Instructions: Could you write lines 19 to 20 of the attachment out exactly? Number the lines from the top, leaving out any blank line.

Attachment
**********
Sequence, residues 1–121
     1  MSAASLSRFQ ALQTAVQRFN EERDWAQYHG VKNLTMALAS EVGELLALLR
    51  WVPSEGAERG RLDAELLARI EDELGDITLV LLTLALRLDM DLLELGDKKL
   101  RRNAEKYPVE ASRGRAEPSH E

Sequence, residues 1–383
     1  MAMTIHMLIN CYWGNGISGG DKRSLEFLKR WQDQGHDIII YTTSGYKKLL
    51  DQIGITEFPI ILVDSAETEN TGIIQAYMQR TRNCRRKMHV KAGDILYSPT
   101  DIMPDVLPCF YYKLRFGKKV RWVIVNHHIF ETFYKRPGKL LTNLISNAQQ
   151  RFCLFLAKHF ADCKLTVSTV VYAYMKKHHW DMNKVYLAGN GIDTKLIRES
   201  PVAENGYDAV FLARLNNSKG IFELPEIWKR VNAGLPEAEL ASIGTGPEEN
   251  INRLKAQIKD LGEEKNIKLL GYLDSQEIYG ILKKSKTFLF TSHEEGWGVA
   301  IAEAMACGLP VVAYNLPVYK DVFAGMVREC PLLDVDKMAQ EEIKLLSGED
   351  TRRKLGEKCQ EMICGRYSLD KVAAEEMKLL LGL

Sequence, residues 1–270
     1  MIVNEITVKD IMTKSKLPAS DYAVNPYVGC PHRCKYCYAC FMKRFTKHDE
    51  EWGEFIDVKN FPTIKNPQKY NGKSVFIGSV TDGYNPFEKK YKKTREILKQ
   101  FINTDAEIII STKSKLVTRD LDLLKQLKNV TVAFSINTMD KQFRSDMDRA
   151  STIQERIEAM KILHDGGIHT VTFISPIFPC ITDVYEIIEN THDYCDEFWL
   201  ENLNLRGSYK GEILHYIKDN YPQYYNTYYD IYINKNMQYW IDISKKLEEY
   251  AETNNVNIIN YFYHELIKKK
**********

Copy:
   201  ENLNLRGSYK GEILHYIKDN YPQYYNTYYD IYINKNMQYW IDISKKLEEY
   251  AETNNVNIIN YFYHELIKKK